The other evening we revisited a campground pub/restaurant down the road apiece to which we had taken my daughter when she was out this summer. It was very crowded the first night we visited; we had to fight our way to the bar for 15 minutes and to a table for two hours. Marc and I decided to start earlier now that summer is over and see if things had calmed down. We arrived in time to make it to have a cold beer sitting at the bar with no problem and also obtained a table before 5 p.m. We did note a good crowd that started arriving at 5 so figure the key is to get there early. As in many things in life, the early bird gets the worm as they say. The Friday night fish fry is decadently unhealthy and they remain open all year excepting for the month of December so I convinced Marc we need to return some evening when it is snowing and we can sit in front of one of the two fireplaces having the place almost to ourselves no doubt, as we imbibe some Irish coffees. After all; the campground closes soon.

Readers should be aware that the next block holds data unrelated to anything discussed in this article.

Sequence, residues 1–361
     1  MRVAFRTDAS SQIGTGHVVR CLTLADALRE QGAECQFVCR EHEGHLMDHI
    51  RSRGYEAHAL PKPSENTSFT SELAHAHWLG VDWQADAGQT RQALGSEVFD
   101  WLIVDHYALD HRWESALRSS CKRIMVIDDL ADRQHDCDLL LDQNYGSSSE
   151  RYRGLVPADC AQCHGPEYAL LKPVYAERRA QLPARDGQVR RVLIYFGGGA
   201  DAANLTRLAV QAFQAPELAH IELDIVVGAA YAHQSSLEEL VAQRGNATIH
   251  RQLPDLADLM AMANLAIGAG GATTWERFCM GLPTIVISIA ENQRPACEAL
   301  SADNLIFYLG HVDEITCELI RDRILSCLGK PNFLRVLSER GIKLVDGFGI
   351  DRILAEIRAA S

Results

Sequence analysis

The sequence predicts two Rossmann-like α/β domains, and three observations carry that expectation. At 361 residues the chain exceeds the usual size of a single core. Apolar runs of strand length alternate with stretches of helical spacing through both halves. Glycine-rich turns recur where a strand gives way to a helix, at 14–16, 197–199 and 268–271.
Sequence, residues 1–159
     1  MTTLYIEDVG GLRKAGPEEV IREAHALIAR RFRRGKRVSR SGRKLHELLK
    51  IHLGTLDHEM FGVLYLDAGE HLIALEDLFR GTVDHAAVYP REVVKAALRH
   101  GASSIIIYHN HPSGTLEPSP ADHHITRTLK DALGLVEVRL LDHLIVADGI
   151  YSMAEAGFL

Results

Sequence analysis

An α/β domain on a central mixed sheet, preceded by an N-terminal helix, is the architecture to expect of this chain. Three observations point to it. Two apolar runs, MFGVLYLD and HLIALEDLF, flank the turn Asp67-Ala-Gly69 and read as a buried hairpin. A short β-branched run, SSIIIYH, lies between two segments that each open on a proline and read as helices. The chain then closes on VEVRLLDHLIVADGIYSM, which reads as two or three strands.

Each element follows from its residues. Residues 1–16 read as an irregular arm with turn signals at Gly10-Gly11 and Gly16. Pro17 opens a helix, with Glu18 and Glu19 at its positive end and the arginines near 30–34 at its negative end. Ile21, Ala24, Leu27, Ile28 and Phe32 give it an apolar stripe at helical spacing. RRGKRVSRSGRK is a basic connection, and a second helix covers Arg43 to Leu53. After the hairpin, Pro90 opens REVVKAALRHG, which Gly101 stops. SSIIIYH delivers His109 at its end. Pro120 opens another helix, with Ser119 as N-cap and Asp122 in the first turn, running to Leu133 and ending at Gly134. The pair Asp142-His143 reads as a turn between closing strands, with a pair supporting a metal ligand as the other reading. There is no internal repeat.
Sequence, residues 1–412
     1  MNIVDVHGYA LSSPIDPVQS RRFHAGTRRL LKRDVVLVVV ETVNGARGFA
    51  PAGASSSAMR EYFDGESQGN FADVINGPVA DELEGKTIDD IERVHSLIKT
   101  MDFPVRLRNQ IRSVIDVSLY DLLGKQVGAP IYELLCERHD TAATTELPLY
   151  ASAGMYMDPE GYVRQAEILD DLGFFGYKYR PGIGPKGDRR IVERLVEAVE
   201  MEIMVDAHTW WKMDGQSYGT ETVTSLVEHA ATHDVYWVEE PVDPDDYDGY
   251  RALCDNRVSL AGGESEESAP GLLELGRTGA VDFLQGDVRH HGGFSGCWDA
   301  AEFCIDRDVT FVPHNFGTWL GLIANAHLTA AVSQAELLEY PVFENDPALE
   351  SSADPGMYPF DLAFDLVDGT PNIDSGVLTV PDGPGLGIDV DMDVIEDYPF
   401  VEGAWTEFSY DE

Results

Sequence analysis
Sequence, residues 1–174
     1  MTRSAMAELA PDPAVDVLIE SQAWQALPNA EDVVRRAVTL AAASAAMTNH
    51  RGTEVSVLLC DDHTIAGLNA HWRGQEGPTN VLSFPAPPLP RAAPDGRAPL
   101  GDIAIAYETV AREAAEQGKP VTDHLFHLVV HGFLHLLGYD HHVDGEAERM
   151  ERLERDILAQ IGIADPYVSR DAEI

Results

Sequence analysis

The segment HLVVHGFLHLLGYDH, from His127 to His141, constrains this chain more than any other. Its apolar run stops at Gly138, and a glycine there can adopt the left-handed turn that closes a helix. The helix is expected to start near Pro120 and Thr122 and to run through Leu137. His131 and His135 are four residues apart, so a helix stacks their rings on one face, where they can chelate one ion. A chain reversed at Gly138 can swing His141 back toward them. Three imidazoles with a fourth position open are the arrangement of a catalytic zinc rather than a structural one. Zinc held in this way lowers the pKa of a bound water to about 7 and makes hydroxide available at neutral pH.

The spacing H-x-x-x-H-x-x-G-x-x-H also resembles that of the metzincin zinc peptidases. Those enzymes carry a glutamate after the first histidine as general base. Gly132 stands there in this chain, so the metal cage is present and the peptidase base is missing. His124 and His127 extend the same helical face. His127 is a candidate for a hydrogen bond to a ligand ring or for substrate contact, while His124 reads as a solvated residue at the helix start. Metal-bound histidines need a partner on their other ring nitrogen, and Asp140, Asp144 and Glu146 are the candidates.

Wisconsin is unusual by western state standards for places like this; places tucked away into old houses, back in the woods, off the beaten track yet somehow eking out a living for the proprietors off of word of mouth alone. Neighborhood bars and pubs where beers are cheap and Friday’s always feature fish fries and Sundays prime rib. They are so ubiquitous as to almost be a defining characteristic of the state; a very endearing one actually. I always wonder just who drives miles out into the country to visit these places anyway? Obviously, the neighbors.
Leaving the campground I asked Marc to turn right instead of left (out to the highway) and we wandered down this small rural lane leading into a subdivision. To our surprise we came across a couple of lakes, both with small boat launches and several cabins and vacation homes on the surrounding shores. It was peaceful, quiet and beautiful so I decided to return on Sunday which was marvelously sunny and warm, to take some fall pictures.
It still amazes us that there are places like this hidden away, merely a mile or two from our house that are unknown to us. Never have we been in a state with more roads and highways or more lakes and waterways. Never is there a more beautiful season to see it than now. It takes awhile to develop an appreciation for the change of seasons here but if you're going to live in this state there is no other choice. Mere days away, that sunny Sunday has faded; temperatures have dropped, the wind is up, clouds scuttle across the sky and leaves fall and dance along the ground; all signs of an approaching winter too soon to be here.